• 39°

Investing in the river

Ports could play vital role in future economic growth for region

SOUTH POINT — Panama. The word conjures many images. Tropical weather. Lush jungles. Wide-brimmed hats. Iconic canals. But for Meagan Barnes, it means business opportunities and job growth. Barnes, who serves as vice president of marketing and business development for Superior Marine Inc. and as port manager for the Port of South Point, recently attended the signing of a Memorandum of Understanding between the Panama Canal Authority (ACP) and the Inland Rivers Ports and Terminals (IRTP) organizations on Dec. 13 in Panama City.

“Rivers transport so many products to our ports,” she explained. “Yet oftentimes your rivers… aren’t highlighted.

They’re not a part of the talks. It’s always the ocean ports.”

The Memorandum of Understanding hopes to correct that oversight by, among other things, increasing information sharing between the canal authority and river ports.

By understanding what sorts of items, from raw materials to finished products, are being shipped through both they hope to increase river shipping opportunities and associated job growth.

This is especially important, according to Barnes, as the canal undergoes an expansion to meet expected future growth and freight shipping of all sorts is expected to increase 45 percent by 2025. To keep that freight from adding to the traffic on our highways and overwhelming our railway systems, river port traffic will have to help pick up the slack.

“There are ports and terminals all along the rivers where product is being loaded and unloaded,” Barnes said. “Sometimes these products are coming in (as raw material), being value added, and then put on trucks and rail and going back. So there is movement both ways (import and export), so for the rivers to have a relationship with the Panama Canal is really important because we’re going to now have data sharing. We’re going to be able to understand what of our products that are coming up through our rivers are passing through the canal, and then what from our products that we’re pushing out as exports are going to be going through the canal and then look for new business development. So where are products that can come through the canal that then can come up through our rivers. We’re going to be able to have access to that supply chain and then determine how we can grow our business from that partnership. So the relationship with the Panama Canal, that relationship sharing, that marketing together is what this (memorandum of understanding) does. It solidifies that partnership so now we have an advocate with the Panama Canal.”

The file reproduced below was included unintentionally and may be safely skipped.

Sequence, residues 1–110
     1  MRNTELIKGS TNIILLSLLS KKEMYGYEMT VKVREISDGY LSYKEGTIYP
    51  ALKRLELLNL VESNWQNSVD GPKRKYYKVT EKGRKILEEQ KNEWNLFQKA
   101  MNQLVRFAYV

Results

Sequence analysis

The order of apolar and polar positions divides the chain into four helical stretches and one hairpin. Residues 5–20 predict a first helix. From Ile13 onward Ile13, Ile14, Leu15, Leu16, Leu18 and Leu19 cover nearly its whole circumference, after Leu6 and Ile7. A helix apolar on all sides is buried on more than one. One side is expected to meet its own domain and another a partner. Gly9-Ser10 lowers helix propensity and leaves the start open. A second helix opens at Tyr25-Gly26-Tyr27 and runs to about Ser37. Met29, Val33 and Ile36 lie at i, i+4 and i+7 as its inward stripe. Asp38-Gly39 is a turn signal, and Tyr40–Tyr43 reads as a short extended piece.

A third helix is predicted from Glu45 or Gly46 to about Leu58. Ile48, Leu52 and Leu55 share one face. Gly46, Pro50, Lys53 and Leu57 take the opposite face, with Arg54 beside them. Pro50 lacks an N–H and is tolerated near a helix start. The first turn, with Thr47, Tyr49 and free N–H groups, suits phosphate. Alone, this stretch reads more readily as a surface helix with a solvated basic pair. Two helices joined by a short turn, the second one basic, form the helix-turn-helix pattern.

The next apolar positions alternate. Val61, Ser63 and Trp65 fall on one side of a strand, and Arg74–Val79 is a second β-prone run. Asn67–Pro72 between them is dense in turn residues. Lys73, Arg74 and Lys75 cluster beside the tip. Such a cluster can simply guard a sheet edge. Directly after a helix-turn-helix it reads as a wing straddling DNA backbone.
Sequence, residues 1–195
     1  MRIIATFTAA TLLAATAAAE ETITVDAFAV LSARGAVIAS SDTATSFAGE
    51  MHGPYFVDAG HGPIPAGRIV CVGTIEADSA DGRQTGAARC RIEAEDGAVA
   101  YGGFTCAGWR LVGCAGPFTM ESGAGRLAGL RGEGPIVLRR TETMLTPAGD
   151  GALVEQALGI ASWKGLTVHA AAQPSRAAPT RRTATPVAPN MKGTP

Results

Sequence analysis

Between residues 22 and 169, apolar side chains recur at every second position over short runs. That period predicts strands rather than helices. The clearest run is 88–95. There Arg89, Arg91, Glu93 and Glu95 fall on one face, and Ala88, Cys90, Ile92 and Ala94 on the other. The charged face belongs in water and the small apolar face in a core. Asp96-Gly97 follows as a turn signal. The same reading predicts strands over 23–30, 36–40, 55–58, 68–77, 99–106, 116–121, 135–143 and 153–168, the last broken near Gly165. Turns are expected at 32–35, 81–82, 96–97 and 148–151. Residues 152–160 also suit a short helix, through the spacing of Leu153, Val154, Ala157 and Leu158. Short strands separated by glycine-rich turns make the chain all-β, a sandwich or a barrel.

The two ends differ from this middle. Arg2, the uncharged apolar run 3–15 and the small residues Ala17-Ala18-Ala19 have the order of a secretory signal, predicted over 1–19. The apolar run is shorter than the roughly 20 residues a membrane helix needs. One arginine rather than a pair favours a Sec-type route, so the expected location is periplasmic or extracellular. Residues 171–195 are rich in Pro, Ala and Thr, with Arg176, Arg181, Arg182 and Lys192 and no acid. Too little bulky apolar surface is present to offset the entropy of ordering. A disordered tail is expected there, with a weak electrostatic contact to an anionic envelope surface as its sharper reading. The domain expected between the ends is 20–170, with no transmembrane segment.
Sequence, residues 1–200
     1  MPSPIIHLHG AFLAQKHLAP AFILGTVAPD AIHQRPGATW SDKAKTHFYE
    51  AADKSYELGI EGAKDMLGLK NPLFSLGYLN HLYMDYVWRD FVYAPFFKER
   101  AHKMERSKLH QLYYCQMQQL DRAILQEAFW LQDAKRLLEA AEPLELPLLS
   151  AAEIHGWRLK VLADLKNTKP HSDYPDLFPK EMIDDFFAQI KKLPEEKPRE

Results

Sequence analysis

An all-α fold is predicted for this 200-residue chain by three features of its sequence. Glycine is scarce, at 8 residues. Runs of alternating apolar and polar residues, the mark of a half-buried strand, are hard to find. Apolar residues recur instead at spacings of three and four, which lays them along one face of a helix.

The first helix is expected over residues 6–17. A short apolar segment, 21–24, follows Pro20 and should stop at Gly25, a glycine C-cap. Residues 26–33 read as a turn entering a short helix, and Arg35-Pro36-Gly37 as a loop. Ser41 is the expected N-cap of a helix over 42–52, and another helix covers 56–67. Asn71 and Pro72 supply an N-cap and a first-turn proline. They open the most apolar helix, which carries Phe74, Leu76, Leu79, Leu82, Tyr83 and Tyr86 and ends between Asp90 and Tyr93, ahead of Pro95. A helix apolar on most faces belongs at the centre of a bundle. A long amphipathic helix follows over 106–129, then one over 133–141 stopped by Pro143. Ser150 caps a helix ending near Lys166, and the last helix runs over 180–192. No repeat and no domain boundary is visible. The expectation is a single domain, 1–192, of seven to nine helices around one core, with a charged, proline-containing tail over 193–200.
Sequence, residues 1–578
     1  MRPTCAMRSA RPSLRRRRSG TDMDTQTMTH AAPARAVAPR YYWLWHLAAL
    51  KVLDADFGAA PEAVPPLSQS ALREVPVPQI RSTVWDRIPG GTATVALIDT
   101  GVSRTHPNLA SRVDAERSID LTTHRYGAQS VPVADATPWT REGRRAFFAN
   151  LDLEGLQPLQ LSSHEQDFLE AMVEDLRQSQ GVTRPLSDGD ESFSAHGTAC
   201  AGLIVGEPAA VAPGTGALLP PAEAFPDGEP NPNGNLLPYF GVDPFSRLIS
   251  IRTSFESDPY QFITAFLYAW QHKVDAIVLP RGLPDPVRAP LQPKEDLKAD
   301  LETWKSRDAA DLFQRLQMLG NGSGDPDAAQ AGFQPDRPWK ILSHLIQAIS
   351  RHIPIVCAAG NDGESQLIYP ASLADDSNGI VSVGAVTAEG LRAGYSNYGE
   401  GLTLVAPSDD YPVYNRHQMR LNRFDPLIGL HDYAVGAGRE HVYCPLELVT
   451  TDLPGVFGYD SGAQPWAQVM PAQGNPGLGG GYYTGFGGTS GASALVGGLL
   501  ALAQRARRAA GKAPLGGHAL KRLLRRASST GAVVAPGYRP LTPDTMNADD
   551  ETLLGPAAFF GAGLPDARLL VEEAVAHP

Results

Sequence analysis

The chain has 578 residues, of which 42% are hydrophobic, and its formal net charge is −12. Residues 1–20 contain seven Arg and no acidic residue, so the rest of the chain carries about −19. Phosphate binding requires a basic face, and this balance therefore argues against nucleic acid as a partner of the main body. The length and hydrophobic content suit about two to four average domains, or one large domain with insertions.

This increase in freight carriage could also help offset the lost tonnage from declining demands for coal, Barnes explained, helping maintain shipping related jobs.

“That (other shipping) is what we’re trying to grow,” she said. “Because the coal industry is declining, as we all know in this area. We need to diversify, so we’re looking at different things that can be moved on the river from different avenues. Are there other products in bulk that we can go and try to attract that business to replace that lost tonnage? It’s really about replacing some of that lost tonnage from coal. What can we move on the river that isn’t being moved? Or what can we grow that is being moved in smaller quantities? (This could include) all kinds of different metals, any kind of freight bulk, or any kind plastics. The other thing that we’re working on is container on barge. Containers aren’t something that is primarily moved on our waters. But there is such a congestion on our roadways, and with freight being potentially increased by 45 percent by 2025, we have to find some capacity.”

Barnes thinks some of that capacity is going to be on the rivers. In fact, Barnes and her colleagues at Superior Marine are so optimistic about the future growth of river shipping that they are undergoing the largest expansion in their company’s history. They already construct tugboats and lift barges into dry dock for repair, but their new facility will allow them to pull barges completely out of the water with wenches and then, using a rail system, to guide them into a building with a sealed air system where they can then blast and paint the barges.

The project is already adding jobs to the local economy, Barnes noted, explaining that in addition to sourcing local steel and materials they also partnered with local contractor Ridel Wilks for construction work on their new buildings.

The project, which is being financed with the help of a bond from the Lawrence County Port Authority, is nearly complete. Progress on the fifth and final waterway for pulling barges is being delayed until February, when water levels are expected to drop enough to facilitate construction. Once the facility is up and running, the company expects to add a minimum of 15 new jobs.

The company is currently hiring, taking applications for painters and laborers. Barnes said that those interested in job opportunities with Superior Marine can apply at their offices in South Point.